4.
Vaccine ; 39(40): 5963-5967, 2021 09 24.
Article in English | MEDLINE | ID: covidwho-1595993

ABSTRACT

BACKGROUND: Data regarding the association of antibody levels elicited after immunization with the BNT162b2 mRNA COVID-19 vaccine with epidemiological and clinical parameters are limited. METHODS: We prospectively measured the total (TAbs-RBD) and the neutralizing antibodies (NAbs-RBD) against the receptor binding domain (RBD) of SARS-CoV-2 spike protein in a cohort of 268 Healthcare workers before immunization, 20 days after the 1st dose and 30 days after the 2nd dose of the BNT162b2 vaccine. A statistical analysis for possible association of antibodies' levels with epidemiological and clinical parameters was performed. RESULTS: The mean age (±SD) of the participants was 45.45 years (±11.93) (range: 24-70 years) and 211 (79.9%) were females. Statistically significant differences were detected regarding both TAbs-RBD and NAbs-RBD between the first and second doses of the vaccine (P < 0.001). The median (IQR) percentage (%) of NAbs-RBD after the 1st dose was 51.07% (31.60%) and after the 2nd dose 95.31% (3.70%) (P < 0.001). The correlation between the TAbs-RBD and NAbs-RBD was after the 1st dose, Spearman's, rho: 0.861 (P < 0.001) and after the 2nd dose rho: 0.989 (P < 0.001). Twenty days after the 1st dose, 56/264 (21.2%) of the participants had low levels of NAbs-RBD, while one month after the 2nd dose all of them had protective levels of NAbs-RBD. After the 2nd vaccine dose, a statistically significant negative association of TAbs-RBD was detected for age (P < 0.001), smoking (P = 0.011), and immunosuppressive medications (P < 0.001), while a positive association was detected for BMI (P = 0.004) and systemic adverse events after immunization (P = 0.001). CONCLUSION: A significant correlation of TAbs-RBD and NAbs-RBD was detected after both vaccine doses. Older age, smoking, and immunosuppressive medications negatively affected the final antibody level after SARS-CoV-2 immunization. Our findings emphasize the significance of the 2nd vaccine dose especially in the older age groups.


Subject(s)
Antibodies, Viral/immunology , COVID-19 Vaccines , COVID-19 , Adult , Aged , Antibodies, Neutralizing/immunology , COVID-19/prevention & control , COVID-19 Vaccines/immunology , Female , Humans , Immunization , Male , Middle Aged , SARS-CoV-2 , Spike Glycoprotein, Coronavirus/immunology , Young Adult
6.
Microbiol Spectr ; 9(3): e0137621, 2021 12 22.
Article in English | MEDLINE | ID: covidwho-1592250

ABSTRACT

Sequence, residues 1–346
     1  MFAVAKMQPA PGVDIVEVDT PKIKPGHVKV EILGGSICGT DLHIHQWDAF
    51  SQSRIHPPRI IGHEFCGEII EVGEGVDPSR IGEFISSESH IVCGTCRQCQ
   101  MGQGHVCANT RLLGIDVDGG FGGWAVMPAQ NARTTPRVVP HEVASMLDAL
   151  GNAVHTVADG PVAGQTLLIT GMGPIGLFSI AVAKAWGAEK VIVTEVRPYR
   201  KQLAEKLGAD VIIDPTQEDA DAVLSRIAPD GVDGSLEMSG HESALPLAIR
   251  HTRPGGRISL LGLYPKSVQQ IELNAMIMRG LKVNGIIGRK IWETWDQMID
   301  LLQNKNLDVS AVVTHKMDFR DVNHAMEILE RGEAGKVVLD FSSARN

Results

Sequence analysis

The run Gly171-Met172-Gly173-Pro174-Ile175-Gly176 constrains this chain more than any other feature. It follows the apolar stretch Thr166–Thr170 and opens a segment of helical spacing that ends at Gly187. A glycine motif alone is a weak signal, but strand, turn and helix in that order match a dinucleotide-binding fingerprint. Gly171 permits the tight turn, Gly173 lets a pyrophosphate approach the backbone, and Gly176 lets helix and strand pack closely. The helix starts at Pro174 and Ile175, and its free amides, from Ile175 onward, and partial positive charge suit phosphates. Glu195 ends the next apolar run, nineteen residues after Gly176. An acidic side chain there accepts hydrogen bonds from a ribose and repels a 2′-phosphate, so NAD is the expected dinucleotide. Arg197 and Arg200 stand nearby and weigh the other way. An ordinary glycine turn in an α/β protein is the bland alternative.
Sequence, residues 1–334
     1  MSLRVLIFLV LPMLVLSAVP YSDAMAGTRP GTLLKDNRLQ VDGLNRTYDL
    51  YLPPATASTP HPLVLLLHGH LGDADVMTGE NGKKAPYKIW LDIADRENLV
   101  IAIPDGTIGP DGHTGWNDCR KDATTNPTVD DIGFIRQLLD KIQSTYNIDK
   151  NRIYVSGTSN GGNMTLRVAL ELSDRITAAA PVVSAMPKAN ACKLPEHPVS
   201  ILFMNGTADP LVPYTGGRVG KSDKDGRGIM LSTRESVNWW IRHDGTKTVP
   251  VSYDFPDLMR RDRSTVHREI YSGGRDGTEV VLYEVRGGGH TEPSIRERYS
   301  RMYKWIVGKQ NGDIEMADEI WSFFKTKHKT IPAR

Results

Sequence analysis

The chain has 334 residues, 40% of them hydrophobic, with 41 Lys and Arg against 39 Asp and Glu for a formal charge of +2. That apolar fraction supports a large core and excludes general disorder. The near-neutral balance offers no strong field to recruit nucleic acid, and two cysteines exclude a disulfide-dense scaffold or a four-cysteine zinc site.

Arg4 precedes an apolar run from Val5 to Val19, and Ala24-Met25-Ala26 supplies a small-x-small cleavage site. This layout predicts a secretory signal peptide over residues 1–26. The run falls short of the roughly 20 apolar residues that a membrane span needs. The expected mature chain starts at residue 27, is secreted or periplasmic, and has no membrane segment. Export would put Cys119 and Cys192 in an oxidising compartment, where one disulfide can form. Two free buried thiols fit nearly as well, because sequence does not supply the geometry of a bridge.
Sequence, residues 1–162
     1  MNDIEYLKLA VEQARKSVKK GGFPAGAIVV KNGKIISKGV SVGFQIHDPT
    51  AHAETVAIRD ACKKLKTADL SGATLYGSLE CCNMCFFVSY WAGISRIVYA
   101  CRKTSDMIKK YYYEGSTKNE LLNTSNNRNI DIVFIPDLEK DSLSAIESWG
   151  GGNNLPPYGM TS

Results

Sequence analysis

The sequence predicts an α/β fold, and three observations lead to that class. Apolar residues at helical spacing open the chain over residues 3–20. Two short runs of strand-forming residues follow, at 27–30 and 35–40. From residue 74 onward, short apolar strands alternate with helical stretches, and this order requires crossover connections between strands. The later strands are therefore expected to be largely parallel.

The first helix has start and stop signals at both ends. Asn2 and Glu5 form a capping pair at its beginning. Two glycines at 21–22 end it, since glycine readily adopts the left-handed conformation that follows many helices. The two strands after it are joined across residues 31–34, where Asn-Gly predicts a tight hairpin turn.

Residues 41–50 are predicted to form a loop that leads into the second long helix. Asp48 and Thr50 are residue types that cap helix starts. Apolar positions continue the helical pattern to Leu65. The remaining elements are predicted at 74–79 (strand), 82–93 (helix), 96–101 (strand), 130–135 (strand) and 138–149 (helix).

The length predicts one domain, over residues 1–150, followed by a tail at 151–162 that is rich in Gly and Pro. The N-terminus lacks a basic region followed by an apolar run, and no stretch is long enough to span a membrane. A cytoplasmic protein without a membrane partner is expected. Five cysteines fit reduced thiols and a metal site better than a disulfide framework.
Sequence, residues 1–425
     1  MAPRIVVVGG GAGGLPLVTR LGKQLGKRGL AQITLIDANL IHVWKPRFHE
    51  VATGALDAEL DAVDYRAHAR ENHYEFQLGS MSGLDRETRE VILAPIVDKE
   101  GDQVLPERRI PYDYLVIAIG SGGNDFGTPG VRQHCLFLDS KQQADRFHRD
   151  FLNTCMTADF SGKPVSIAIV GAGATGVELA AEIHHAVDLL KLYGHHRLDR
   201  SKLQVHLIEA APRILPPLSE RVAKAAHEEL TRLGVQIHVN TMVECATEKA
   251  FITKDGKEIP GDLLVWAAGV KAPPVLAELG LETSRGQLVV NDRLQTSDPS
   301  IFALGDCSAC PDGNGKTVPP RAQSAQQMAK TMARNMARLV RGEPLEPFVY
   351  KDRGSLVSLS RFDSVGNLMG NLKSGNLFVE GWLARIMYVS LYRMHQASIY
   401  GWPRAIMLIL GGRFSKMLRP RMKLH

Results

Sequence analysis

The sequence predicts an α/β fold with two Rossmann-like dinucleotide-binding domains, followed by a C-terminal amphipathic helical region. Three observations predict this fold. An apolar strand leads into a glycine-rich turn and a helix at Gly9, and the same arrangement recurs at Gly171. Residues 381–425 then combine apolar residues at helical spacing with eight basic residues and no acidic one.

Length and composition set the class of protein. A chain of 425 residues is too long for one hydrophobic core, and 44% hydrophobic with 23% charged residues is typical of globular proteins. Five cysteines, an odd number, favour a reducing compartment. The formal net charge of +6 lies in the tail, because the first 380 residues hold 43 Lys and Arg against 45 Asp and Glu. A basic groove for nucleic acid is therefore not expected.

The severe acute respiratory syndrome coronavirus 2 (SARS-CoV-2) emerged in December 2019 and caused a dramatic pandemic. Serological assays are used to check for immunization and assess herd immunity. We evaluated commercially available assays designed to quantify antibodies directed to the SARS-CoV-2 Spike (S) antigen, either total (Wantaï SARS-CoV-2 Ab ELISA) or IgG (SARS-CoV-2 IgG II Quant on Alinity, Abbott, and Liaison SARS-CoV-2 TrimericS IgG, Diasorin). The specificities of the Wantaï, Alinity, and Liaison assays were evaluated using 100 prepandemic sera and were 98, 99, and 97%, respectively. The sensitivities of all three were around 100% when tested on 35 samples taken 15 to 35 days postinfection. They were less sensitive for 150 sera from late infections (>180 days). Using the first WHO international standard (NIBSC), we showed that the Wantai results were concordant with the NIBSC values, while Liaison and Alinity showed a proportional bias of 1.3 and 7, respectively. The results of the 3 immunoassays were significantly globally pairwise correlated and for late infection sera (P < 0.001). They were correlated for recent infection sera measured with Alinity and Liaison (P < 0.001). However, the Wantai results of recent infections were not correlated with those from Alinity or Liaison. All the immunoassay results were significantly correlated with the neutralizing antibody titers obtained using a live virus neutralization assay with the B1.160 SARS-CoV-2 strain. These assays will be useful once the protective anti-SARS-CoV-2 antibody titer has been determined. IMPORTANCE Standardization and correlation with virus neutralization assays are critical points to compare the performance of serological assays designed to quantify anti-SARS-CoV-2 antibodies in order to identify their optimal use. We have evaluated three serological immunoassays based on the virus spike antigen that detect anti-SARS-CoV-2 antibodies: a microplate assay and two chemiluminescent assays performed with Alinity (Abbott) and Liaison (Diasorin) analysers. We used an in-house live virus neutralization assay and the first WHO international standard to assess the comparison. This study could be useful to determine guidelines on the use of serological results to manage vaccination and treatment with convalescent plasma or monoclonal antibodies.